There was time when a majority of Americans were confident in their Supreme Court, but those positive feelings have been eroding in the last quarter of a century so that just 30 percent now say they have confidence in the institution, according to a Gallup poll.
The poll, released Monday, had good news and bad news for the high court, a unique institution that serves as a check and balance in the United States. People have more confidence in the court than in any other arm of government, but that may not be saying that much when confidence in the presidency stands at 29 percent and in the Congress at 7 percent.
Judges on the Supreme Court are appointed for life and, unlike members of Congress or the president, do not have go through the rigors of elections. But as national attitudes change on controversial issues including abortion, racial segregation and same-sex marriage, so too does the legal system's response. The Supreme Court may not follow polls, but changing attitudes can have an impact.
Since 1991, the first year Gallup began asking regularly about all three branches of government, the Supreme Court and the presidency have alternated as the most trusted branch, while Congress has been the laggard.
Can't make nonmembers pay fees: The Supreme Court dealt a blow to public sector unions Monday, ruling that thousands of home health care workers in Illinois cannot be required to pay fees that help cover a union's costs of collective bargaining. In a 5-4 split along ideological lines, the justices said the practice violates the First Amendment rights of nonmembers who disagree with the positions that unions take.
Authorizes more toxic algae research: President Barack Obama has signed a bill authorizing $82 million for new research aimed at controlling toxic algae outbreaks nationwide. Democratic U.S. Sen. Bill Nelson from Florida sponsored the bill. The legislation streamlines existing national efforts to study and fight harmful algae blooms. It amends the Harmful Algal Blooms and Hypoxia Research and Control Act of 1998. The president of the advocacy group Ocean Champions applauded the legislation Monday, saying that the frequency and intensity of algae blooms are increasing. David Wilmot said harmful algae outbreaks cost the country nearly $100 million a year.
Interest rates to increase: Interest rates go up today for students taking out new federal loans. This hike is relatively minimal but could foreshadow more increases to come. The change stems from a high-profile, bipartisan deal brokered last year by Congress and signed by President Barack Obama that ties the rates to the financial markets. Interest rates go from 3.86 to 4.66 percent on undergraduate Stafford loans. Graduate student loans go from 5.41 percent to 6.21 percent. Interest rates on Plus loans for parents go from 6.41 percent to 7.21 percent.
Ex-pastor pleads no contest: A former Pennsylvania pastor serving a life sentence in the fatal bludgeoning of his second wife entered a surprise no-contest plea Monday to charges that he killed his first wife in 1999. Arthur "A.B." Schirmer pleaded no contest to third-degree murder during a pretrial hearing in Lebanon County Court. Authorities reopened the investigation after Schirmer was charged in Monroe County with using a crowbar to kill his second wife, Betty, in 2008, and staging a car accident in an effort to conceal the crime.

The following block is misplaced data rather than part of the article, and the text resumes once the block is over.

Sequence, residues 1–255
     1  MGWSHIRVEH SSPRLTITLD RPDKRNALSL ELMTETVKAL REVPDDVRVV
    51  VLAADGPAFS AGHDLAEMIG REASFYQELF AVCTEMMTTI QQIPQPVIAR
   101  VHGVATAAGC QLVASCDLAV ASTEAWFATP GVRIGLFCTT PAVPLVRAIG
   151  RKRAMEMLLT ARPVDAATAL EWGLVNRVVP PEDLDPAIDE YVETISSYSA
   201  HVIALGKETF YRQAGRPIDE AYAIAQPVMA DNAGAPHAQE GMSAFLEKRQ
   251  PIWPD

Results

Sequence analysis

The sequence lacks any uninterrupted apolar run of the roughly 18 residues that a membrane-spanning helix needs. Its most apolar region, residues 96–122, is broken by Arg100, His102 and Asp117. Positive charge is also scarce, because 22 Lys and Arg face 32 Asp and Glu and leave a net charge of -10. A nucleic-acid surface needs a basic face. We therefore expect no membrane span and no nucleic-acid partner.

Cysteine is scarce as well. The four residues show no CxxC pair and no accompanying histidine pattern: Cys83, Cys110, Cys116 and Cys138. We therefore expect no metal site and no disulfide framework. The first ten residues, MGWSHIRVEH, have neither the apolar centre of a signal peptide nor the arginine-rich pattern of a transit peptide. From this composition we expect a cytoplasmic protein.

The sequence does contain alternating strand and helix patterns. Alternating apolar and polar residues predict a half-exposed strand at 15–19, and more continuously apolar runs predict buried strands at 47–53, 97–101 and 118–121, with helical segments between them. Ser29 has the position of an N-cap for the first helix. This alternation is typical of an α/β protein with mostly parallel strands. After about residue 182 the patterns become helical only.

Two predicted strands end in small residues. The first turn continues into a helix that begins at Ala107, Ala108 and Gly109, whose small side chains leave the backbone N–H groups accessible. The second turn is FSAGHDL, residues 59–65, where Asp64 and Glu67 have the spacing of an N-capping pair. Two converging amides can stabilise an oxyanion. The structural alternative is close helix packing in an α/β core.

McAllister will seek re-election: Republican U.S. Rep. Vance McAllister announced Monday that he's changed his mind and intends to run for re-election despite the scandal caused by a video showing him kissing a married female aide. In April, the freshman congressman said he wouldn't seek another term. But two months later, McAllister has reversed course and said he will be on the Nov. 4 ballot as a candidate for Louisiana's 5th District. "Without a doubt this decision comes after much thought and prayer," McAllister said in a statement.
Deemed generally safe: The latest analysis of childhood vaccines confirms they're generally safe. The report should be reassuring to parents, the researchers said. For example, there still is no evidence the measles-mumps-rubella vaccine causes autism. Nor is there any proof vaccines cause childhood leukemia. The assessment mirrors and updates a 2011 report on vaccine safety by the U.S. Institute of Medicine. That report found vaccines can cause certain side effects but serious ones are very rare. Experts said such risks need to be balanced against the benefits of vaccines -- the prevention of millions of illnesses and thousands of deaths annually.
Sarkozy detained in corruption probe: Former French President Nicolas Sarkozy has been detained and is reportedly being questioned by financial investigators in a corruption probe. A judicial official said today that Sarkozy is in custody in the Paris suburb of Nanterre. The official, who was not authorized to be publicly named discussing an ongoing investigation, would not provide further details. French media reports said Sarkozy is being questioned in an investigation into financing for his 2007 presidential campaign. The case centers around whether Sarkozy and his lawyer were kept informed of insider information on the investigation by a friendly magistrate.
Iraq's new parliament convenes: Iraq's new parliament has convened amid pressure on lawmakers to quickly choose a new prime minster who can confront a militant blitz that threatens to rip the country apart. The inaugural session opened today with the playing of Iraq's national anthem. The proceedings are chaired by the legislature's oldest member, Mahdi al-Hafidh. The country's top Shiite cleric, Grand Ayatollah Ali al-Sistani, urged lawmakers last week to agree on a prime minister, president and parliament speaker before meeting in hopes of averting months of wrangling that could further destabilize the country.